It was a quiet afternoon at Ray’s Barber Shop, tucked in a downtown mall of antique shops on St. Germain Street across from the courthouse. So Ray Opatz put down his newspaper and offered up a history lesson:
His grandfather, Alex, emigrated from Poland and hopped off the train in Royalton and started walking 6 miles west, across the Mississippi River, toward Bowlus. That was back in the late-1800s.
“He looked right out of Tom Sawyer with a stick and all his stuff tied up in a bandanna,” Ray said.
Alex met a farmer along the way and purchased a piglet.
“He told the farmer he was going to come back when he raised the hog and give it to him in exchange for his daughter, who was 15 or 16.”
Those were Ray’s grandparents. They had 13 kids. Ray’s dad, George, “was the second from the end.”
George worked the farm and lived until he was 91. Their 240 acres a mile and half north of Bowlus are still in the Opatz family, but they rent it out to a neighboring farmer. After all, farming isn’t for everyone. Never has been for all the Opatz offspring.
“Three of my father’s brothers — Roy, Sam and John — became barbers and so did their cousin, Jim.”
At 21, Ray bought out Uncle John in 1960 and renamed his shop Ray’s. He’s been cutting hair ever since. Haircuts still cost $11 and you can get a straightedge razor shave for $8.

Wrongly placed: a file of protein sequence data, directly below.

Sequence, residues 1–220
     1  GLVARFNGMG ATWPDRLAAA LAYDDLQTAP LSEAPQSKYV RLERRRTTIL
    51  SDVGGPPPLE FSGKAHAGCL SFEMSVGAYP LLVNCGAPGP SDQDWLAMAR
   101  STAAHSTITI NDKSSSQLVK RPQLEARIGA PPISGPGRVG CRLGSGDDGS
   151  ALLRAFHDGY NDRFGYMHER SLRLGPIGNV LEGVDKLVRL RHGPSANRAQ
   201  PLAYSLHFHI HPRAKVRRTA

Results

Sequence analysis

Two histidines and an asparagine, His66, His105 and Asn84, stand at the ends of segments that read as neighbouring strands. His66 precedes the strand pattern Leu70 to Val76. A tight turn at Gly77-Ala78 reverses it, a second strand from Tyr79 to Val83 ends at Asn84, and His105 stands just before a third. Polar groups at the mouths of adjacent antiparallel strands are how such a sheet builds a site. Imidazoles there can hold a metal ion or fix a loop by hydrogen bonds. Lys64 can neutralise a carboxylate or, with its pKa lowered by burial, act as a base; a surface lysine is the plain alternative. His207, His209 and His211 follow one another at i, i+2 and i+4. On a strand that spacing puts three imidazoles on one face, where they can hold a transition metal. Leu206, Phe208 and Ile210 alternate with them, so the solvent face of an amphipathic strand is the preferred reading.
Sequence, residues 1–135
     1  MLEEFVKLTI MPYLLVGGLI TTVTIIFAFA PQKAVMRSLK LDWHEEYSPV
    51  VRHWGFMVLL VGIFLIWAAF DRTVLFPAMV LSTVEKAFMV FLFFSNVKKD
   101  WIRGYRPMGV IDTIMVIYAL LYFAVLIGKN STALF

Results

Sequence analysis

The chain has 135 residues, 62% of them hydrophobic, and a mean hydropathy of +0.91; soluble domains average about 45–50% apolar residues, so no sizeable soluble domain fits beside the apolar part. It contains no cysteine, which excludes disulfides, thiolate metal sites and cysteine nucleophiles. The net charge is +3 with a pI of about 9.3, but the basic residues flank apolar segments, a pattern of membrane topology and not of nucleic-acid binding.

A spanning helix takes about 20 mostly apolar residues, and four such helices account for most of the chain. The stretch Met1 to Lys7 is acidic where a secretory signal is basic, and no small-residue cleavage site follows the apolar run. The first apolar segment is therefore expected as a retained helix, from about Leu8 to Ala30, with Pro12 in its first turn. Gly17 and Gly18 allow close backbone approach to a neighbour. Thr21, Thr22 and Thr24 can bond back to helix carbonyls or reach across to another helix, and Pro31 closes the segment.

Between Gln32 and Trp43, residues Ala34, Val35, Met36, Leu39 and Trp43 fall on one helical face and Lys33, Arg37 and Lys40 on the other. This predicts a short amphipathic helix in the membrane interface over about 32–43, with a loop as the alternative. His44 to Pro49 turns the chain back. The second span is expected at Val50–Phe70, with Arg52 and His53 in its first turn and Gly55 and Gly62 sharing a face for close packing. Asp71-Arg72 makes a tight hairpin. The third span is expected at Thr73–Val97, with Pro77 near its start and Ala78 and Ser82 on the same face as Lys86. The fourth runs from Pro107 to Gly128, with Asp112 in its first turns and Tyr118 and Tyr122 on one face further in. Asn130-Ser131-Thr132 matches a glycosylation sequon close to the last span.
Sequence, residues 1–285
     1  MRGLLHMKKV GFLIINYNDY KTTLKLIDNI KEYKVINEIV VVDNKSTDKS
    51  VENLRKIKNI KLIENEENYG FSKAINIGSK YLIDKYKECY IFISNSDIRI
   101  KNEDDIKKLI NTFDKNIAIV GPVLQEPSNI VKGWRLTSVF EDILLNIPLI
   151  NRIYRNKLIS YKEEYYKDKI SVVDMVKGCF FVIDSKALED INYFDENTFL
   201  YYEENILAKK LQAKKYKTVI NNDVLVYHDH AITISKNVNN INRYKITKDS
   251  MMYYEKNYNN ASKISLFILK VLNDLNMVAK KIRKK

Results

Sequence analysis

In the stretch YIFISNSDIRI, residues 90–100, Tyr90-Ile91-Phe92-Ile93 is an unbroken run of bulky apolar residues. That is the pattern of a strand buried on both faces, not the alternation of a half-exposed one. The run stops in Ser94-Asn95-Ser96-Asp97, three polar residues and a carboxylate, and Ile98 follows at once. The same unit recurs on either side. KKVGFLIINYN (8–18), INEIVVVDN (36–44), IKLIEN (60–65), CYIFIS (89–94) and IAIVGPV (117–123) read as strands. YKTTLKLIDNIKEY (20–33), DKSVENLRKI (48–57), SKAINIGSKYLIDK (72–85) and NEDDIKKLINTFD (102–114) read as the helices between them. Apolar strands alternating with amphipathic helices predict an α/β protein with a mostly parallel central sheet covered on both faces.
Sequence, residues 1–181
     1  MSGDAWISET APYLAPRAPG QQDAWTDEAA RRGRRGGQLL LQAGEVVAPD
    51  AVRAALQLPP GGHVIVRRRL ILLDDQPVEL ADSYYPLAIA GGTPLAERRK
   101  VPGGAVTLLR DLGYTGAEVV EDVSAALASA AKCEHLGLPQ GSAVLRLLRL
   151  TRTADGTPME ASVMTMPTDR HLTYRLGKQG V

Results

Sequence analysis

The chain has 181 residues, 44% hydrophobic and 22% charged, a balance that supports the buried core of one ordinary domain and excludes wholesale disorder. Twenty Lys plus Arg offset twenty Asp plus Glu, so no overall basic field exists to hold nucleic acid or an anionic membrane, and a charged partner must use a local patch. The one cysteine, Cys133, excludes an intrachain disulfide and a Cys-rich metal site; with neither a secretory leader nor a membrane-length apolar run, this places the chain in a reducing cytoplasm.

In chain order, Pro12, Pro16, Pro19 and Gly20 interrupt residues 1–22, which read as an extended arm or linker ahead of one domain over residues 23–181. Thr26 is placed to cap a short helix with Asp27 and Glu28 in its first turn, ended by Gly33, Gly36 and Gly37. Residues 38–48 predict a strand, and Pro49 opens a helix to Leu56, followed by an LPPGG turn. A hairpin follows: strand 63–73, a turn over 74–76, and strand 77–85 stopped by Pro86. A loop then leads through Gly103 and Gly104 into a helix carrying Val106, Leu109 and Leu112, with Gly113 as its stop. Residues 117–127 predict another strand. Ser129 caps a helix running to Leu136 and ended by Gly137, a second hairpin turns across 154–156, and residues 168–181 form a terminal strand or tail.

“Some of these young guys come in and have never had a shave before,” Ray said, mystified.
He’s kept barbering “because no one else would hire me.”
The shop has moved six times within a few blocks downtown. It was next to a now defunct funeral home. And underneath a gay bar.
“That’s gone, too,” he said.
The late-1960s, with young men growing hair long during the Vietnam War, proved to be a tough time.
“The goll dang Beatles raised hell for barbers,” Ray said.
Ray and his wife, Renee, have three kids, six grandchildren and a couple of great-grandchildren.
That’s not all he’s proud of.
There’s a photo hanging over his barber chair of Ray hoisting a 27-inch walleye he caught a couple of summers ago on Lake Mille Lacs.
“Had to throw it back,” he said.
That’s because it was an inch shy of the 28-inch keeper limit.
“I tried stepping on its stomach to get it up to 28, but that didn’t work,” he said, cracking a wry smile.
Just then, the phone rang. Not a smartphone, but an old one mounted on the wall.
It was one of his regulars, scheduling a haircut.
“We’ll see you tomorrow afternoon at 2:30 then.”